Wednesday, March 30, 2011

Things that are on my mind

I know I am not good about keeping up this blog and maybe if I wrote more about the things that are on my mind I would. This might be considered a rant or it might be mindless drivel but it is what I want to share.


I started teaching full time when I moved. I moved from a town with 5+ full time bellydance teachers to a town with none. Now I could have just went to workshops and practiced and performed, but I had a good feeling that if I taught I could find companions who loved this dance as much as I do. I wasn't sure that I felt super ready to teach even though my mentor encouraged me to. While I was moving, I spent countless hours on Bhuz reading threads of common teacher concerns, reading articles both about bellydance, teaching styles, adult education and brushing up on my bellydance history. I developed a syllabus for my first session and practiced teaching imaginary students in the mirror. I created my own beginner choreography. Why did I do all this? Because I love this dance. I love it so much that I am appalled to think that someone could be misinformed by an instructor. I recall overcoming my own bad habits as a beginner. They were bad habits I taught myself. How awful to think that a beginning students would pick up bad habits from me as their instructor.
This brings me to my complaint. It is a complaint as old as time, but I want my opinion on the record.
I believe a dancer needs to be at a certain level herself before she can ever be an instructor. Why do so many beginners go on to teaching? The same reason I wanted to teach. They are eager to share this dance with others. However, in that eagerness they lose sight of how important it is to be a master of the thing you are teaching. Many dancers think if they are one step past the beginner level then they can teach beginners. This is absolutely not the case. To teach beginners you need to be able to execute the move with near perfection and explain it at least 3 different ways. You need to be able to present combinations and choreographies that challenge beginners so that they will grow. How is this possible if you are barely past that level yourself?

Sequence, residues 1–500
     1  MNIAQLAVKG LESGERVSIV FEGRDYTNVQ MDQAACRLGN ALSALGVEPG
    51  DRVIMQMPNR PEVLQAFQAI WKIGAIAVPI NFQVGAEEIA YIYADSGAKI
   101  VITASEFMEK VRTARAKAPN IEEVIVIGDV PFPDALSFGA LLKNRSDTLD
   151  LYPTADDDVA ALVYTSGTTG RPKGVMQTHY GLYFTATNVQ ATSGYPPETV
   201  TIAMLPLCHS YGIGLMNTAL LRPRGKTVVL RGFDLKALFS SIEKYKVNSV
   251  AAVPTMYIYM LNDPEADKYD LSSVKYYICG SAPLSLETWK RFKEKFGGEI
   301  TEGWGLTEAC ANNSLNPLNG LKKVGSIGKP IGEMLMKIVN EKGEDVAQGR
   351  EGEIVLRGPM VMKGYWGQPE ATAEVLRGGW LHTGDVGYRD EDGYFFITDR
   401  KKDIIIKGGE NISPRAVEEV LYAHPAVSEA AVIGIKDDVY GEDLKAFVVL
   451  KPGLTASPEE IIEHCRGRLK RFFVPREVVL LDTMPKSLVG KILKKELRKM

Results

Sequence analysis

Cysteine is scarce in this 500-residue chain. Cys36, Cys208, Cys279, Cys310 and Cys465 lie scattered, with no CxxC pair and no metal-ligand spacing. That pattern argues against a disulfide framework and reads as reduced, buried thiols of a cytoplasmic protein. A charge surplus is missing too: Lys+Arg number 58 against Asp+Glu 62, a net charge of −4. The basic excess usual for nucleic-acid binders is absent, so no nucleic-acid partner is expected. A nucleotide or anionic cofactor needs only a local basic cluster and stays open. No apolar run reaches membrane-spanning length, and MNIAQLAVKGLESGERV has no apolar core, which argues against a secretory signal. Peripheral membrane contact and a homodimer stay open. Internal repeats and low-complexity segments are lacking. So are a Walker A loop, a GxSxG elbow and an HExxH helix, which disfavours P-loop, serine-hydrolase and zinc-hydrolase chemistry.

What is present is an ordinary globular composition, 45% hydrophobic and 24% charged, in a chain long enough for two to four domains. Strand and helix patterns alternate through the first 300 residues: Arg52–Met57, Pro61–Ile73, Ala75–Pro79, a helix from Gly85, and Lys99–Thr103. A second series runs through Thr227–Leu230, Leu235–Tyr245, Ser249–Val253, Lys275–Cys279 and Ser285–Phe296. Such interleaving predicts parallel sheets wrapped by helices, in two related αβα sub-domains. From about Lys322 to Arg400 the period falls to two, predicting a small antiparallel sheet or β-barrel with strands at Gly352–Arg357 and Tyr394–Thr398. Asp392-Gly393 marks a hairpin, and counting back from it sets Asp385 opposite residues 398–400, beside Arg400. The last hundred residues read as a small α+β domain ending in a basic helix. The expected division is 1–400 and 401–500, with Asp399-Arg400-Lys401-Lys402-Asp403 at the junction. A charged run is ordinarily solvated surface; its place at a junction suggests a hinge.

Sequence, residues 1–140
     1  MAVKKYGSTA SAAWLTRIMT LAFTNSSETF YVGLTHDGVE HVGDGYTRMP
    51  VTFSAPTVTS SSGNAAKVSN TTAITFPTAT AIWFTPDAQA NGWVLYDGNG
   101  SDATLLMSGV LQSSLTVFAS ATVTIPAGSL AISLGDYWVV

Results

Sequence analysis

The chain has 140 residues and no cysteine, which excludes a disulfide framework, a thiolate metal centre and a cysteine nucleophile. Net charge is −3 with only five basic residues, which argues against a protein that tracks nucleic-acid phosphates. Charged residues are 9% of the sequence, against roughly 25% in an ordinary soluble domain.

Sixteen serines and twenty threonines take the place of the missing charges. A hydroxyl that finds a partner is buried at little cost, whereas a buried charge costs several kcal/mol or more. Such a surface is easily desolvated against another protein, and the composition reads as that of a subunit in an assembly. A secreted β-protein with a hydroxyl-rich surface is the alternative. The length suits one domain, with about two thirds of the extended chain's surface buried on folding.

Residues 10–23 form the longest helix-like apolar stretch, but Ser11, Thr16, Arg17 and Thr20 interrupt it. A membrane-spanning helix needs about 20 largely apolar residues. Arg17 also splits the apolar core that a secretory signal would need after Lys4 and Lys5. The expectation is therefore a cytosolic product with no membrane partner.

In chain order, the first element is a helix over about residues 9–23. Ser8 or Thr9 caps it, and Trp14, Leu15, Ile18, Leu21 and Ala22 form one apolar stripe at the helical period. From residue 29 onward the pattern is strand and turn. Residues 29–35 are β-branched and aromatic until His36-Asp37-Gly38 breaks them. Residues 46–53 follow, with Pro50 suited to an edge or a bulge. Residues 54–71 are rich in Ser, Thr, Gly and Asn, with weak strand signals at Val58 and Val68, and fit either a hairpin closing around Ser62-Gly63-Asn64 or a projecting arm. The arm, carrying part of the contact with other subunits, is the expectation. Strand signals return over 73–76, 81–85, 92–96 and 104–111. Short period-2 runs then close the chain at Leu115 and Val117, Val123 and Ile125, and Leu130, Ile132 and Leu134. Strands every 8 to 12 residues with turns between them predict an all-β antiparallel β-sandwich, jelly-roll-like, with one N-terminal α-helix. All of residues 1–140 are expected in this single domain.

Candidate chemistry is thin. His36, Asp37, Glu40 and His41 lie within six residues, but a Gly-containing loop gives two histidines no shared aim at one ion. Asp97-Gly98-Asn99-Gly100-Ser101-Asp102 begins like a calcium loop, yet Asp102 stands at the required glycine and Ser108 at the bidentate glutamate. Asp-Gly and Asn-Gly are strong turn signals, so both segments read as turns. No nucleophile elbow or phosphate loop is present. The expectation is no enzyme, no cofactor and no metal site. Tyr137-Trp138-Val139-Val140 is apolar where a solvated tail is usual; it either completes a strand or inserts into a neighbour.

All that being said, I think since I departed on this journey as a teacher I was forced to grow to that point. I wanted to do it right and every time I felt not good enough, I took a harder workshop, read another book, choreographed a more challenging dance. I pushed and pushed my own skills so as not to let my students down.
That is the level of dancing and instruction that I want my community to be exposed too. It hurts my heart and soul to see students and my community exposed to poor quality dancing and mis-information.
If a better dancer/instructor came along, I would take her classes and encourage my more advanced students to do so as well. Luckily for me, I have a day job so if that made my classes dry up I would be happy to share the dance with my new instructor and her other students.
Honestly, I am not sure I am ready to mentor someone to the point where they are ready to teach but if I ever had a friend or student who I felt was ready, I like to think I would be nothing but encouraging. If I thought the person wasn't ready but they had made up their mind I think I would play devil's advocate and try to make them see all the training and concepts they are missing or haven't thought of.

Anyway, that's my two cents on this topic.

2 comments:

Foxy said...

Great post!

Najla said...

I agree, great comments! There is this tendency among new dancers to jump into the teaching pool very early on. In smaller towns with fewer instructors, I think that may happen more frequently but I always shake my head at dancers in larger cities with well established teacher who decide to run out an teach after just a year or two of dancing. I think all we can do is try to keep telling students to slow down, keep studying and growing as dancers and wait before teaching too soon.